Ibuprofen and Aspirin can cause kidney failure, bleeding disorders, or stomach cloughing (think stomach ulcer, only covering the whole surface of the stomach). Tylenol can liver failure in dogs and methemoglobinemia in cats: their blood stops being able to carry oxygen, not a particularly desirable scenario.
PLEASE, NEVER GIVE HUMAN MEDICINE TO A PET WITHOUT CONSULTING YOUR VETERINARIAN FIRST!
It’s important not to rely on putting a toxic plant in a difficult to reach location to keep your pets safe. Accidents happen, vases can be knocked over, and do you really think there is anywhere in the house your cat can’t get to while you’re out? The only safe place for a toxic plant is outside your house.
In my opinion this is the most important toxic houseplant for cats. Lily pollen cause irreversible kidney damage in cats, and even a small amount can be deadly. Cats have been known to go into kidney failure after just brushing-up against a lily and then licking the pollen off their fur! All Lily varieties are dangerous.
7. Easter Lilies
The common white lilies often seen in bouquets, Asian lilies and tiger lilies are the species most often implicated, but all lilies are considered potentially toxic. I would not tolerate ANY Lily species in the household with cats . It is important to check bouquets and gift baskets for these flowers as they are a popular item with many florists. Lilies are non-toxic to dogs.
This is a common member of the Rhododendron family. It can cause gastrointestinal and neurologic signs in cats as well as dogs.
These common plants frequently cause vomiting and oral irritation in cats and dogs. While the symptoms are usually mild, it doesn’t take much to make a pet sick. A common, but luckily, not a very severe toxin.
10. Palms (Family cycadaceae)
A number of decorative palm species can cause gastrointestinal irritation in dogs when eaten. Some can also cause liver failure.
Decorative bamboo species (heavenly bamboo, sacred bamboo) can cause neurotoxicity when eaten by cats or dogs. Regular bamboo is considered non-toxic.
There are hundreds more toxic plants out there, and its always a good idea to check before bringing a new plant into the house. While many “toxic” plants cause little more than an upset stomach or some foaming at the mouth, it is always best to check with your vet if your pet has been gnawing on a suspicious plant. Often a timely decontamination can make the difference between a quick visit to the vet, and a prolonged illness!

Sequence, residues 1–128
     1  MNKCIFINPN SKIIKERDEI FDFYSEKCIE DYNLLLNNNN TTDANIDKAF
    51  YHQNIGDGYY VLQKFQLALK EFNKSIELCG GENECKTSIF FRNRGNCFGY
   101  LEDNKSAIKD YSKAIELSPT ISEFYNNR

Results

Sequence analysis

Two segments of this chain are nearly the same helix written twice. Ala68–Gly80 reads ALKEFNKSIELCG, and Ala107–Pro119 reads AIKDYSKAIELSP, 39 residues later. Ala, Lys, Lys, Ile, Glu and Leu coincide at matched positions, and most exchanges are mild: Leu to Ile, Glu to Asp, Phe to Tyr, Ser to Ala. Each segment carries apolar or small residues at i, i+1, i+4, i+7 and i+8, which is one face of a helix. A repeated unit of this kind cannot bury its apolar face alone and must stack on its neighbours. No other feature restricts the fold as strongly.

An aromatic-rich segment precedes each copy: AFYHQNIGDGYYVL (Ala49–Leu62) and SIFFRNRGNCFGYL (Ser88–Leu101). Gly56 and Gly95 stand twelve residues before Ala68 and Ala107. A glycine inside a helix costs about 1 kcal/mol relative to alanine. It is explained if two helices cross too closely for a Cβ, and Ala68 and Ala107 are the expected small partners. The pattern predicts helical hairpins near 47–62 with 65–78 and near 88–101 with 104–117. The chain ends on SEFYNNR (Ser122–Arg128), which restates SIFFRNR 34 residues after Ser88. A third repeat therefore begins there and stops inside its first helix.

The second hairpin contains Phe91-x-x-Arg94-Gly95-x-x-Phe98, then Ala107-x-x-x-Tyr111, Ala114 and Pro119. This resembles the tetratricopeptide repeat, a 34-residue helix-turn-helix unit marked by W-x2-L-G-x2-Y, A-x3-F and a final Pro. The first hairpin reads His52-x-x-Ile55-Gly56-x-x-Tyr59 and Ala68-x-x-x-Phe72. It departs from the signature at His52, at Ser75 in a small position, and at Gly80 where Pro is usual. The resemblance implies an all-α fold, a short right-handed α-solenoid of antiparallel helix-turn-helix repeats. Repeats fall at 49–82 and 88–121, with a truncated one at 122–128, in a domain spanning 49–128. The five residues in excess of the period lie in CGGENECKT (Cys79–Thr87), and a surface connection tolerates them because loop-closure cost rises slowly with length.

Just to leave on a positive note, not all plants are bad! Decorative cabbage sounds like an oxymoron, but can be quite pretty, and is safe for pets to chew on, and wheat grass is a great treat for indoor cats, and should be offered regularly to provide them with some variety. Don’t worry about the grass making your pet vomit – it won’t, unless they need to vomit anyway. Just put it in a location where having it knocked over and dragged won’t do any harm!
Sharing “just a bite” of food off your plate with your pet is harmless, right? WRONG! Many human foods can be dangerous, and even deadly, to dogs and cats. These are some of the most toxic table scraps to feed your pets.
I know few dog owners who don’t enjoy making their dog chase grapes around the floor, but unfortunately we now know that grapes can cause kidney failure in dogs. Luckily small amounts are harmless, but we don’t know what the minimal toxic dose is, so better to avoid them altogether. Raisins are dry grapes, and are much more toxic to dogs, they should never be given raisins!
13. Onions and Garlic
This whole family of plants can cause anaemia and hemolysis (rupture of blood cells) in cats and dogs. No part of these plants should ever be fed to a pet.
If you suspect your pet may have fallen ill from ingesting a toxic substance it is best to call your local vet or the ASPCA 24-hour emergency poison hot line directly at 1-888-426-4435.